• Please be sure you get your passport & your tourist card (a little form you fill out at the entrance) stamped and a receipt for your fee. Be persistent!
  • We have been asked elsewhere in Bolivia by Migracion people to show our passports (they do random checks in hotels) and they look for all these stamps.
  • Write out some important statements in Spanish to use at the border (important)
  • If you are part of a tour group, ensure you communicate this to your tour guide at the destination. They will be an important resource in helping you with communication.


Why you should see the Kuelap ruins in Peru (Kuelap vs Machu Picchu)

In 2011, a million people visited Machu Picchu (MP). That is quite a lot of tourists! And justifiably so… Machu Picchu is old, enigmatic, located amidst immense natural beauty and Cuzco is a really charming base to visiting tourists. It is also draws people who want to simply trek the Inca trail, a really ancient trail used by the Incans to get to MP. When I saw dreamy Che in Motorcycle Diaries years ago, I decided that I simply have to go there one day.

However, there is a gem in Northern Peru – the Kuelap ruins which gave me an entirely different perspective! We saw both MP and Kuelap and at the end of it we decided that we’d rather skip MP, but not skip Kuelap. Again, to put confused minds at rest, both are really beautiful places and you will not regret visiting either of them.


MP is really crowded. Its a world famous attraction and people world wide come to see it. You’ll try to go in a meditative state and visualize life there 300 years ago, only to be brought back to reality by a loud tour guide with his group that just passed by. We had  a tour guide in Kuelap, but the day we visited, 30 people visited the ruins.


Kuelap is a better deal for backpackers on a budget. You have to go spend the night at Aguas Caliente to be able to get to MP early in the morning. AC is a VERY expensive town where rates are in dollars! From AC it is a steep uphill walk for 2 hours (for the unfit) or pay $9 per ticket for the 20 minute ride up. $9 sounds cheap, but in the rest of the country you’ll pay 9 soles for a similar ride. A sandwich at MP food court, the most basic version, cost me 20 soles. Cheapest train tickets to Aguas Caliente from Cuzco cost $48/way.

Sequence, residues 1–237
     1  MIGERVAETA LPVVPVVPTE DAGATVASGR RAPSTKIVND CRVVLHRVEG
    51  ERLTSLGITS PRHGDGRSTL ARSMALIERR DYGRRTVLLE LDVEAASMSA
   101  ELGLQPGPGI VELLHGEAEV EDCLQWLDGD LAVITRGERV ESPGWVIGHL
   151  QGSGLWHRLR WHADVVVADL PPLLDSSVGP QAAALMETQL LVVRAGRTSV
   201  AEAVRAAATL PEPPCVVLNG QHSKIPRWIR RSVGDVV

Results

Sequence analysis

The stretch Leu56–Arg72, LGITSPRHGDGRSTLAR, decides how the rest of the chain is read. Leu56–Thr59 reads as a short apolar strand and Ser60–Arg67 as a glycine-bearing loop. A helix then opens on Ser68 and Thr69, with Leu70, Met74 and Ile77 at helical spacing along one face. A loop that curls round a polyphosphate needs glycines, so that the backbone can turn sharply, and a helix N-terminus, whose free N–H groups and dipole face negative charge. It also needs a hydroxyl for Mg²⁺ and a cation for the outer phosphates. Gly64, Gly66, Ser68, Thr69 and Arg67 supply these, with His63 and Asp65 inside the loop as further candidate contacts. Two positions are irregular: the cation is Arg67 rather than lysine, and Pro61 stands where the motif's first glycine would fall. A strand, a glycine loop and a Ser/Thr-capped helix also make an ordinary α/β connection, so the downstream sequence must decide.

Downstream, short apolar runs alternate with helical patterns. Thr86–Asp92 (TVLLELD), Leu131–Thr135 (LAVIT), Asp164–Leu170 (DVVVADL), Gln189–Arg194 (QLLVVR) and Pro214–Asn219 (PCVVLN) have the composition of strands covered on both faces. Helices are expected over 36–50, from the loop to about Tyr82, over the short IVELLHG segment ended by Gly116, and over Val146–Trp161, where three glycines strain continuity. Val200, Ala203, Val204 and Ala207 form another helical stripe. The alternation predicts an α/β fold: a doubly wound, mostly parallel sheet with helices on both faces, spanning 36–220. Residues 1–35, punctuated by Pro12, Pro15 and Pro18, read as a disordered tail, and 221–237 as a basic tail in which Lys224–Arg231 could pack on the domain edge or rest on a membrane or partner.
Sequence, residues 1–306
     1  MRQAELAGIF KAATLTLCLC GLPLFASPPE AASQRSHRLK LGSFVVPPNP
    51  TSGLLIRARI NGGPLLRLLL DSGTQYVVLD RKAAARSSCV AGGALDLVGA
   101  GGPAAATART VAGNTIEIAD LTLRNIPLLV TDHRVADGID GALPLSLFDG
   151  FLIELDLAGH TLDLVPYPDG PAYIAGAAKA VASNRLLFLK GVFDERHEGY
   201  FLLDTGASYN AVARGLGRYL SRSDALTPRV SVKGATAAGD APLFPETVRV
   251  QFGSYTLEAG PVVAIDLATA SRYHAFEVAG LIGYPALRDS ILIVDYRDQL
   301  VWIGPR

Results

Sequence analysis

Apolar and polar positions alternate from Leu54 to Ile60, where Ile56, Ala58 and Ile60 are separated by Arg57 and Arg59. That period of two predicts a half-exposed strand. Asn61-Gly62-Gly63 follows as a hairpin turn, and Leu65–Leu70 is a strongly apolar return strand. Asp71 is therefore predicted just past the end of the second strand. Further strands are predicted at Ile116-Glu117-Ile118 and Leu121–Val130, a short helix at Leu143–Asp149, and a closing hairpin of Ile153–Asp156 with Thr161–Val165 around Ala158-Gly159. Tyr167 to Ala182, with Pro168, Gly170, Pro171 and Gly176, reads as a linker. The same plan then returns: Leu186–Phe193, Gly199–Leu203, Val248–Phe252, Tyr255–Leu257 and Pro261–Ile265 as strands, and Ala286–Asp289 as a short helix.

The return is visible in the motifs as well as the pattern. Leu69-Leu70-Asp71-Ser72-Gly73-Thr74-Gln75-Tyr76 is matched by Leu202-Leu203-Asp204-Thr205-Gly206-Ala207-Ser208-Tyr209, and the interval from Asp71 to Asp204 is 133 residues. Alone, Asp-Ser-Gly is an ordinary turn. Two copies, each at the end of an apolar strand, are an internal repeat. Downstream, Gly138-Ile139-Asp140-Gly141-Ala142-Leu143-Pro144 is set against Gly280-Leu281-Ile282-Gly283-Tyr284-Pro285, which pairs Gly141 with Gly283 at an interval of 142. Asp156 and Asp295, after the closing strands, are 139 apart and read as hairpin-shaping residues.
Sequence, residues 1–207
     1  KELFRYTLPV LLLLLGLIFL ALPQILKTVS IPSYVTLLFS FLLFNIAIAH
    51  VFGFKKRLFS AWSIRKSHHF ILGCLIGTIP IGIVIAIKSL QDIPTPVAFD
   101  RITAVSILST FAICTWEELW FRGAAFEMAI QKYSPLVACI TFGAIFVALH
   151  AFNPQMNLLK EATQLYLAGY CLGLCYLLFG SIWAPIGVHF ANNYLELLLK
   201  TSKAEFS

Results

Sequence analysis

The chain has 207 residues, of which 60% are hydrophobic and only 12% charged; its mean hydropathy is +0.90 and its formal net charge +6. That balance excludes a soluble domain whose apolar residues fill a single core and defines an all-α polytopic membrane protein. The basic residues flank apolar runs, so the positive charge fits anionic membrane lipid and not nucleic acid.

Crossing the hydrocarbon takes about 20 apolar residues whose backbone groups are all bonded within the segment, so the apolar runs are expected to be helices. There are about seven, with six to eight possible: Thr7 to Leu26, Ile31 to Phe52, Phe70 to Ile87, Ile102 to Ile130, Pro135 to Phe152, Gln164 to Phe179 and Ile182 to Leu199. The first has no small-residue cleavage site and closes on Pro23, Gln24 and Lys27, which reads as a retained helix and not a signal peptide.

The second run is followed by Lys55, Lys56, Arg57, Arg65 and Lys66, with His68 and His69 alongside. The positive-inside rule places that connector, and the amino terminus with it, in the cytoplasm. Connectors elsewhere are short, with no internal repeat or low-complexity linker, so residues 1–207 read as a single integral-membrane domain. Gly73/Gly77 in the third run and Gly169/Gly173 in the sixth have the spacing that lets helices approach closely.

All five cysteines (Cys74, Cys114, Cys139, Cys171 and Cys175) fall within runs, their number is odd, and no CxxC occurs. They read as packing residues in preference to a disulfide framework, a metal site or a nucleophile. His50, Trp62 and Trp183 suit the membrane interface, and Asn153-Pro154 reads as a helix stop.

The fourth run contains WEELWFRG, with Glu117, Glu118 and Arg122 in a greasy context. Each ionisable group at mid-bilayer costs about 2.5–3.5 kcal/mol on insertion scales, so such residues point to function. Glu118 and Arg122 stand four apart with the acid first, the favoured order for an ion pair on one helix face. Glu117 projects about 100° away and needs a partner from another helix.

In comparison, a sightseeing trip to Kuelap including entrance fees, guide, food (excellent veg fare customized for us – placed orders on the way to the ruins, had lunch upon return), transportation all in a day’s time cost us 160 soles or $62 approximately (2012).

Getting There

Its easy to fly into Cuzco, but not Chachapoyas. Getting to Chacha is not as easy to But Chachapoyas to Kuelap is a breeze if you book a tour or even if you just take a taxi/combi. To get to MP from Cuzco, you have to:

1) Book a train ride to Aguas Caliente. Stay at over priced Aguas Caliente so that you can check out the ruins early in the morning. No roads go to AC.
2) Hike the Inca trail. 4 days of walking is great if thats what you want, but a lot of people agree that there are several other fantastic hikes all over Peru (in the Cuzco area, in Colca Canyon and in Huaraz). Inca trail will set you back by $500, while Inca Jungle Trek, a just as much fun option, costs less than $200.
3) Take the bus to some place near Santa Maria and walk 2-3 hours from there to Aguas Caliente along the railway tracks. Not easy to plan with public transport, but not impossible either.

From Chachapoyas, there are collectivos and taxis going to Kuelap.

I loved Machu Pichu itself, but I was not enamored by the crowds, the very high un-backpacker costs or the not-for-public-transport tag it carries.


Kuelap is older and bigger than MP and is in remarkably good shape. 
Kuelap was built by the Chachapoyan people long before the Incans came into the picture. They eventually did and ousted the Chachapoyans and ruled over them, thereby exerting their influences on the the architecture.


W Trek in Torres Del Paine, Patagonia for an inexperienced hiker

To my utter chagrin (and inspiration), I only encounter super fit hikers where ever I go. Why is that? I am the slowest hiker on the trail and never the fittest, so the timings other people quote never applies to me. So here is a very slow and relaxed hikers guide to the W trek in Torres Del Paine National Park, Patagonia, Chile. I also drew a map showing what’s what. It felt great to be able to complete the trek and the next few posts will be about how to accomplish this.